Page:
in part because they have a sound "protocol" in place for solving translation problems.

To change the perspective a little, consider this: take a translator with MA in translation who has emigrated. He or she continues to speak their mother tongue in the family, with friends, keeps in close touch with the mother tongue on a daily basis, but in less than ten years the translations he or she delivers, in their mother tongue, become "wooden", the text ceases to flow, terms are translated incorrectly, the syntax just isn't right. Instead of receiving an excellent piece of work with nary a comma to be added, the editor has to rewrite the translation every time to raise it to the standard expected by the end customer. When the editor eventually points this out, the translator takes it as malevolent criticism because he or she is not aware of this happening, or may not be ready to accept that it is happening.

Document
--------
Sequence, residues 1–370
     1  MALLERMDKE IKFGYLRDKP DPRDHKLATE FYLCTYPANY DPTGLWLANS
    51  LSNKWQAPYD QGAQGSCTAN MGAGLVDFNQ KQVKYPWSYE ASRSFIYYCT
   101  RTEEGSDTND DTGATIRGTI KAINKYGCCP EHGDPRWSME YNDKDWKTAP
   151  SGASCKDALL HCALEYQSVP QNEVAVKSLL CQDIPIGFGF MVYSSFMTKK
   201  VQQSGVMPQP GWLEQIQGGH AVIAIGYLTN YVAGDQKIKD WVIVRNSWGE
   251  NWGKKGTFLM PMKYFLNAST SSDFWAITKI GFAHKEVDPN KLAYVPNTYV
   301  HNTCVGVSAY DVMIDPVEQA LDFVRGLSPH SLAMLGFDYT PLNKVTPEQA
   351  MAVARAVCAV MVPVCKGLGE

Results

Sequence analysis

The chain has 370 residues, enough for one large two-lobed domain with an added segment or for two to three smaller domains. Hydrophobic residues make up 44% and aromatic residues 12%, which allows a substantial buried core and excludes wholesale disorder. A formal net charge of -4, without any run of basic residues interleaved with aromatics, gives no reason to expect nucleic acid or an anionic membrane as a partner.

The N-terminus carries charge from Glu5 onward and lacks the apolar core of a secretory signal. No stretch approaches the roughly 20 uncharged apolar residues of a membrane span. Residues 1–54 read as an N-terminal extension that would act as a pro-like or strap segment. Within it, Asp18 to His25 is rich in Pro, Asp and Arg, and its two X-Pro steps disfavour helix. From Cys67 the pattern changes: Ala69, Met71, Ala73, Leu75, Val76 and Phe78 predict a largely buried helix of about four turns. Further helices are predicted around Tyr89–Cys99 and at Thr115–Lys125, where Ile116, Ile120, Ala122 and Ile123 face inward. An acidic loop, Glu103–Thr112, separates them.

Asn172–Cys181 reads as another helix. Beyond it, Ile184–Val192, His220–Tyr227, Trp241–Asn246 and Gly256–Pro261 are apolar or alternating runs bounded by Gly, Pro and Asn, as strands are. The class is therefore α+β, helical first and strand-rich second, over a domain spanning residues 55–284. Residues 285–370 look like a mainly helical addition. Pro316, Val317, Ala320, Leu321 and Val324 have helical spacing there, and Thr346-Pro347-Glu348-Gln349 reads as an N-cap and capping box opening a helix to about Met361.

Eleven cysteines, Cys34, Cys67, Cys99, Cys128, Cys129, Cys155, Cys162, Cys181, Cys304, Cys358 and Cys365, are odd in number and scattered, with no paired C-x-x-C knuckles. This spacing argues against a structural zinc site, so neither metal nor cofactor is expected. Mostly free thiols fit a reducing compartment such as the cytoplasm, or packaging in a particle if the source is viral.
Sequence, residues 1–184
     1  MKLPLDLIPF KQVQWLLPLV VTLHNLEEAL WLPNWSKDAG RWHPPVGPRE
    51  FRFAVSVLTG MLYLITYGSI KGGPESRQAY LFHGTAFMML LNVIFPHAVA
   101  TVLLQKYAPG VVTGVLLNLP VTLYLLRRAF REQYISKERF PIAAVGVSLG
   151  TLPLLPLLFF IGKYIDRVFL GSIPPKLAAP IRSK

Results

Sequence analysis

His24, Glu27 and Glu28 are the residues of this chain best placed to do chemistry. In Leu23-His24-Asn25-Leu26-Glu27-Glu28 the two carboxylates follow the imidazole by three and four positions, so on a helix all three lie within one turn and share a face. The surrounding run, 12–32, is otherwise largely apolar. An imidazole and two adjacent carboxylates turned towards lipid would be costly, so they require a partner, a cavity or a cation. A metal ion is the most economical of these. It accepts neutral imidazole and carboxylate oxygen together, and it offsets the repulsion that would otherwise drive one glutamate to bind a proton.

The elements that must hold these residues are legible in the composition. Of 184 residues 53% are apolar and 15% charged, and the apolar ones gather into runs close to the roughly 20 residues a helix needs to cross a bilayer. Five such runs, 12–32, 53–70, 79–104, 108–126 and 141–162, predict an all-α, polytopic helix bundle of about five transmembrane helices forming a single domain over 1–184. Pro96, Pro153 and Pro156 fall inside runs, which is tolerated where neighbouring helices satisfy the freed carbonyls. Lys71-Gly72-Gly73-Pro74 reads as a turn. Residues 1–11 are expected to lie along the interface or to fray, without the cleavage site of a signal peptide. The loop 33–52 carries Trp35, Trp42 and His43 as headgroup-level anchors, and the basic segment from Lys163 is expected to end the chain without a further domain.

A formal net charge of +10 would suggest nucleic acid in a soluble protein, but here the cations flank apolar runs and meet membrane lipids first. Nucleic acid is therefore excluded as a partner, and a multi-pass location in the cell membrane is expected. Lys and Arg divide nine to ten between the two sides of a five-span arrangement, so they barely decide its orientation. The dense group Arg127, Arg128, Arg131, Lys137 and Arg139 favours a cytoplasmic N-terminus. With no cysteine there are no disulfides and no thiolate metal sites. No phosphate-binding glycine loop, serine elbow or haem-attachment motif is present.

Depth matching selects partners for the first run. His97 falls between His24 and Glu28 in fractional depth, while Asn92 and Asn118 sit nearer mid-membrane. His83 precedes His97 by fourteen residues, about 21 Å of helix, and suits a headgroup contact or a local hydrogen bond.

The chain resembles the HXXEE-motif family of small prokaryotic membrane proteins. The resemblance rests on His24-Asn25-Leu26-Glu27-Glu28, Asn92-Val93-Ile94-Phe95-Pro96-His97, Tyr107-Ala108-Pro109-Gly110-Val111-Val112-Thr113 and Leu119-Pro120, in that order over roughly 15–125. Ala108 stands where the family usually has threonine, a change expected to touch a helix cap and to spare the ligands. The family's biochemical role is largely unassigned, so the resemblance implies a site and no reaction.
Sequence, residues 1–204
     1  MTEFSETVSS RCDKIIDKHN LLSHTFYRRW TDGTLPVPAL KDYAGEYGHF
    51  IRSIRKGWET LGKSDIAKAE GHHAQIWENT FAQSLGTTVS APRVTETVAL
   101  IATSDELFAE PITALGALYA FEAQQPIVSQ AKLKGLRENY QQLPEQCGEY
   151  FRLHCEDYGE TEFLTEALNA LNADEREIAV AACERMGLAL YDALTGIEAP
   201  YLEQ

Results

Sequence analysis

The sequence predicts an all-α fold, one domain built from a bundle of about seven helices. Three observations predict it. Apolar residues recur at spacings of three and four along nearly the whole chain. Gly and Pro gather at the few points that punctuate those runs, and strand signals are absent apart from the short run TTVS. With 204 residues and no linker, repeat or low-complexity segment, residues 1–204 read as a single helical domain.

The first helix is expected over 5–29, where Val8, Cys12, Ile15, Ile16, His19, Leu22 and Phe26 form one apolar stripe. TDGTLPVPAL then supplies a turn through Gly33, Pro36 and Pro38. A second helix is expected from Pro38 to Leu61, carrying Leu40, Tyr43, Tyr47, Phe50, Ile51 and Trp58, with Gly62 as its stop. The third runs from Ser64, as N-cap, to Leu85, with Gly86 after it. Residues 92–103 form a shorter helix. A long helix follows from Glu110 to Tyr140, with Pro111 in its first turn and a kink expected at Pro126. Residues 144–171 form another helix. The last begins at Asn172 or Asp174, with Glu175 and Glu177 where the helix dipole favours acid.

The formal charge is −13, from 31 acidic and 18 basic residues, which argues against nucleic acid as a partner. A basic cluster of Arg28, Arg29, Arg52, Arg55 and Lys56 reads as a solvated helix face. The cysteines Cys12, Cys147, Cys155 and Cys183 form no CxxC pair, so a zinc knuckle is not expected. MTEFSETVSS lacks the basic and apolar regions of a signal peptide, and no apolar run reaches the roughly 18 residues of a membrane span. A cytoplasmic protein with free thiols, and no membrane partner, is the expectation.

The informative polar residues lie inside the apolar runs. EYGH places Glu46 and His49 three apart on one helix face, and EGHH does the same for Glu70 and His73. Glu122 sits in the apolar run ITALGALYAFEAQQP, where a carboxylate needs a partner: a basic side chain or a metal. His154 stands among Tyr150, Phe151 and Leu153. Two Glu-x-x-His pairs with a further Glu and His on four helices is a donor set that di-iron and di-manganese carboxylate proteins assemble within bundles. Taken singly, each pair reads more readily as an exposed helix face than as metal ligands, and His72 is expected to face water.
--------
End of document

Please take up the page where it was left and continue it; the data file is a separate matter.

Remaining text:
Such questions are not easily answered, and the fact that Proz is a commercial platform, not a professional one, only adds to their complexity.

















[Edited at 2012-06-23 11:00 GMT]

[Edited at 2012-06-23 11:00 GMT]

[Edited at 2012-06-23 11:01 GMT]

[Edited at 2012-06-23 11:03 GMT]


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Diana Coada  Identity Verified
United Kingdom
Local time: 17:56
Portuguese to English
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Remove the ''native'' option from profiles AND from search options altogether Jun 23, 2012

Every translator/interpreter should declare their working pairs and that's it. I am so tired of the native language debate: please do not forget that writers, poets, philosophers, etc. have translated out of their native languages for centuries.